The brutality unfolds with a precision so choreographed it’s worthy of Busby Berkeley. In the Republic of Gilead, a totalitarian theocracy that has supplanted the United States, women are arriving for a “particicution”—an execution by mob. The execution relies on the subset of Gilead women who have been compelled to bear children for elite households. In compliance with the society’s rigid sumptuary laws, these “handmaids” wear red cloaks and white, face-concealing bonnets. In the lead-up to the execution, the camera gives the viewer a bird’s-eye-view of the women as they glide, in demure red-and-white lines, past black-clad men toting submachine guns. In an open-air death chamber, the handmaids kneel—a corps de ballet ready for a delirium of killing.
This sequence, in episode 1 of the Hulu drama The Handmaid’s Tale, epitomizes the harrowing power of this small-screen series, adapted from Margaret Atwood’s 1985 dystopian novel about a patriarchal theocracy. The show features a sterling cast, headed by the extraordinarily expressive Elisabeth Moss (Mad Men) as Offred, an intelligent, brooding handmaid. Launched in April, the series has struck a chord with Americans chafing at the policies and personality of President Trump, whom many consider an exemplar of misogynistic male privilege. Real-life protestors have recently donned red-and-white handmaid-style garb to demonstrate against what they see as infringements on women’s rights around the country. Meanwhile, Hulu has renewed its hit for a second season.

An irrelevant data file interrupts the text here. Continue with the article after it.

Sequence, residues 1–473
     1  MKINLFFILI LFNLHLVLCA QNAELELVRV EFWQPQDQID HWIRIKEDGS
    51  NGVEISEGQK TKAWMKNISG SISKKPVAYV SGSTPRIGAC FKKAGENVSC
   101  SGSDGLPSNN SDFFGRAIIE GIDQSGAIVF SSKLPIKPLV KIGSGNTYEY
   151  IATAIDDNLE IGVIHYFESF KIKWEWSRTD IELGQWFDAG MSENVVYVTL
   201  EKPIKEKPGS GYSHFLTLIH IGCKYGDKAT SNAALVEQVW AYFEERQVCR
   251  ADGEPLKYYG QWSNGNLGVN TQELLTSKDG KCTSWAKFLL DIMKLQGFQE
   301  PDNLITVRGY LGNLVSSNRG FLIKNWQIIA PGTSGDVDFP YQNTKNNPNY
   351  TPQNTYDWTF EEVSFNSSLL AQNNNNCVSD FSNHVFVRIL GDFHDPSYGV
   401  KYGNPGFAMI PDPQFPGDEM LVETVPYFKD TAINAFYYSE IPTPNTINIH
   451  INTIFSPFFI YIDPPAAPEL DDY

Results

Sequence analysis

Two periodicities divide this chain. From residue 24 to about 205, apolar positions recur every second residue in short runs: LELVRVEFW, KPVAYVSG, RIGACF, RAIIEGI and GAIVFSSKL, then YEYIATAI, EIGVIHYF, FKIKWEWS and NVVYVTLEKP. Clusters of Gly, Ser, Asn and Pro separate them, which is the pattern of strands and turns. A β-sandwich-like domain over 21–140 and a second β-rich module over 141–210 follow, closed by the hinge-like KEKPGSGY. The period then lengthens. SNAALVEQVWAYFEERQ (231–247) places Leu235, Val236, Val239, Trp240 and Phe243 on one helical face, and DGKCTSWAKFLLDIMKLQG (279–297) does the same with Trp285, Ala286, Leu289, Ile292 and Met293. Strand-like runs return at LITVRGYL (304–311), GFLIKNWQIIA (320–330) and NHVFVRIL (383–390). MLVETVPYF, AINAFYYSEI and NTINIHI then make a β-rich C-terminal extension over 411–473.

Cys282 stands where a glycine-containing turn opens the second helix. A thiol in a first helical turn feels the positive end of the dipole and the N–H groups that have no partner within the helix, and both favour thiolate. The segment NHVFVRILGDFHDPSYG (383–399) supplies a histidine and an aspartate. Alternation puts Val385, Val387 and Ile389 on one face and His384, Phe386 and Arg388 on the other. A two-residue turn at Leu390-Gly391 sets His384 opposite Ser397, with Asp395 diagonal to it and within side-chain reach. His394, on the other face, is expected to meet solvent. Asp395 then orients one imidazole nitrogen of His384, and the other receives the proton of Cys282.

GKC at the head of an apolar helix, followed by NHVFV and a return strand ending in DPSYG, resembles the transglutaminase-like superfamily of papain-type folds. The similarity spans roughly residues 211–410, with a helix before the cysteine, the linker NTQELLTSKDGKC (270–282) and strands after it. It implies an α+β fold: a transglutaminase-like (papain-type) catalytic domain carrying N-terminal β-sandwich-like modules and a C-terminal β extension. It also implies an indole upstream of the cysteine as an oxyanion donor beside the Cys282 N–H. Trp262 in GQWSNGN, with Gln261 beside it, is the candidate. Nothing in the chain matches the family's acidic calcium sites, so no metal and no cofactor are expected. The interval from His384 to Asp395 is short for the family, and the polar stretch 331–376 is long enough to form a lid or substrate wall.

To judge by the first seven episodes, the show faithfully reflects Atwood’s novel, while amping up the political-thriller elements and allowing Offred more small consolations, such as moments of solidarity with other handmaids. Avoiding the monotonous tone of—The Man in the High Castle—Amazon’s recent dystopian series—The Handmaid’s Tale prudently employs shifting moods, often flashing back to pre-Gilead days, when Offred was a happily married editor and mother. That life was not to last: in the wake of a devastating plunge in fertility rates, apparently caused by environmental degradation, a coup toppled the U.S. government and imposed a regime in which women are forbidden to read or (mostly) work outside the home. Gays and lesbians (condemned as “gender traitors”) and religious dissenters (including Catholics) are persecuted or killed.
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